Gently wrapping them up with care

WHEN Trafalgar South’s Paul Smart and his team of sales consultants met recently, one of the most pressing issues on their mind was the Gippsland bushfires.

A senior district manager with Lorraine Lea Linen, Mr Smart said many of his 30-strong team felt helpless, having friends and family members in the fire-affected area.

Inspired to lend a hand, the group found not-for-profit group WRAP (Wildlife Rescue And Protection) was in need of supplies to care for and feed injured wildlife.

“We thought as linen consultants, we have access to a lot of people that are going to have unwanted towels and sheets, which is what WRAP needed,” Mr Smart said.

“We put word out on Saturday, with (my home) as a drop-off point, and bags upon bags of unwanted towels arrived.

“The level of generosity was amazing.”

Mr Smart estimated the group managed to collect one car load full of linen, which would be delivered to Greencross Animal Clinic on the Princes Highway.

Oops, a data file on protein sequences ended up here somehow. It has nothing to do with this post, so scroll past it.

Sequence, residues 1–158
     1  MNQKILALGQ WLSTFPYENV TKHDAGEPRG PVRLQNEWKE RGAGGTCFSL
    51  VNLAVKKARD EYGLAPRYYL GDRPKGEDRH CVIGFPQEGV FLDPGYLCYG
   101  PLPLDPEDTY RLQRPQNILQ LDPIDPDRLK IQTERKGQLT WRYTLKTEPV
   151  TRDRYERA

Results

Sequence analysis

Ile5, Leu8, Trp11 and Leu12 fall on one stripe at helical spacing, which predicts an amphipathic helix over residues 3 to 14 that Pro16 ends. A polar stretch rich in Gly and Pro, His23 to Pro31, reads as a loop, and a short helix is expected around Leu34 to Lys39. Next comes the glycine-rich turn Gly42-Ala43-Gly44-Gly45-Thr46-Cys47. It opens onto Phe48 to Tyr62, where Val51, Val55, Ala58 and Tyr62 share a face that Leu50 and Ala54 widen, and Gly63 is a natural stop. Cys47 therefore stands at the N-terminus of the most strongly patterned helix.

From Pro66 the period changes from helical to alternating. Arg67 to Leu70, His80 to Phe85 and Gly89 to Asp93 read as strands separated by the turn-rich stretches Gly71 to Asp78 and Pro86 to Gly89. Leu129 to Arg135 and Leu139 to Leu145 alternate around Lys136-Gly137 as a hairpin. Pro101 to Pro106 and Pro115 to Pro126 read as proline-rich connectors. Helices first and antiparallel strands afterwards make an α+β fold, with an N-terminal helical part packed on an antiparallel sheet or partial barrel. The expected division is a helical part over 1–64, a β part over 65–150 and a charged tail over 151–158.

“Linen is very important, because the animals need it to be able to sleep comfortably; it’s just one element we thought we could do as a group,” he said.

“I’m very proud of my team, and want other people to realise they can do something as well.

“The message I want to get out is, ‘come on guys, you can help too’.”

Meanwhile, WRAP secretary Heather Tagliabue said the Gippsland-based group had also been overwhelmed by the public’s generosity.

“Linen and towels are used for rescue purposes and ongoing uses for baskets and cages to make sure (the animals) are comfortable,” Mrs Tagliabue said.

“In a fire situation, animals get stressed, dehydrated, disorientated and hungry.

“At this stage, we don’t know what’s out there because we haven’t been able to access the fire ground yet.”

She said at present, the group had enough linen, but was accepting monetary donations.

For more information on how to assist WRAP, visit their website at